Ductility

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This page refers also to the terms Ductile, malleable, mild, and gummy, which have the same meaning in machining.

What do we mean when referring to raw material as Ductile, Malleable, or mild?

Ductility is defined as the amount of plastic deformation the material can absorb before failure. In simple words, it describes how “Soft” is the raw material.

Why is it important in machining?

You will often come across terms like:

All the above mean that the material we are about to machine is soft. An inexperienced machinist might think that machining soft raw materials is more straightforward; however, it presents several unique challenges.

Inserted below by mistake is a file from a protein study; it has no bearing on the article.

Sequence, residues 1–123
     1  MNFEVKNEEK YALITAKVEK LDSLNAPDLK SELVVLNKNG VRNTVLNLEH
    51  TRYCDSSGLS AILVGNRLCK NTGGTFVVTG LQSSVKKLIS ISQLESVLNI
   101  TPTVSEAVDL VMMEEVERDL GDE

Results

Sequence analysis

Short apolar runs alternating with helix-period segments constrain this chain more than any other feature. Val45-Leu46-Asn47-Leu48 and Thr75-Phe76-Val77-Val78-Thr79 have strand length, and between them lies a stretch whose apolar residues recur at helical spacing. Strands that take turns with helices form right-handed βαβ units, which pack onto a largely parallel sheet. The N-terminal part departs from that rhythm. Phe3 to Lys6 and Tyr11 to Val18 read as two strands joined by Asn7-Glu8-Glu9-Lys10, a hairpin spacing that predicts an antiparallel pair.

Chip Control

Long Chip

It isn’t easy to break the chip when machining ductile materials. Chip breaking is achieved when the chip breaker forces the bending of the evolving chip until it breaks. When the material is ductile, the chip bends without breaking, leading to very long chips.

Build-up edge

Buit-up edge wear type

Built-Up Edge (Nicknamed BUE) is a wear mechanism that can occur on both milling and turning operations. It is caused by the welding of chips to the insert body. 

Best practices when machining ductile materials

  • Utilize an insert/tool with a sharp and positive cutting edge, preferably ground.
  • Work with polished or post-treated inserts.
  • Use an aggressive/tight chip breaker with a deflector that is very close to the cutting edge.
  • Use high coolant pressure.
  • Raise the cutting speed to generate enough heat. 
  • Adopting some or all of the above tips will increase your chances to break the chips and decrease or postpone the forming of the build-up edge.
Synonyms:
Malleable, Gummy material, soft material, soft
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